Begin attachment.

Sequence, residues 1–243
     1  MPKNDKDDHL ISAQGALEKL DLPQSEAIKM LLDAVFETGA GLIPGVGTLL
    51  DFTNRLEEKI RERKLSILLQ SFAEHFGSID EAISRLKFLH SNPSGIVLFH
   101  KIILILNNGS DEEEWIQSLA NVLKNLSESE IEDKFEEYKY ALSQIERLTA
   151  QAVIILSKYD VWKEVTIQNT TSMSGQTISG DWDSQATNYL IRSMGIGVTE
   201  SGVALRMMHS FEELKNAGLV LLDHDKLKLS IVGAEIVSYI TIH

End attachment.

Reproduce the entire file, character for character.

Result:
Sequence, residues 1–243
     1  MPKNDKDDHL ISAQGALEKL DLPQSEAIKM LLDAVFETGA GLIPGVGTLL
    51  DFTNRLEEKI RERKLSILLQ SFAEHFGSID EAISRLKFLH SNPSGIVLFH
   101  KIILILNNGS DEEEWIQSLA NVLKNLSESE IEDKFEEYKY ALSQIERLTA
   151  QAVIILSKYD VWKEVTIQNT TSMSGQTISG DWDSQATNYL IRSMGIGVTE
   201  SGVALRMMHS FEELKNAGLV LLDHDKLKLS IVGAEIVSYI TIH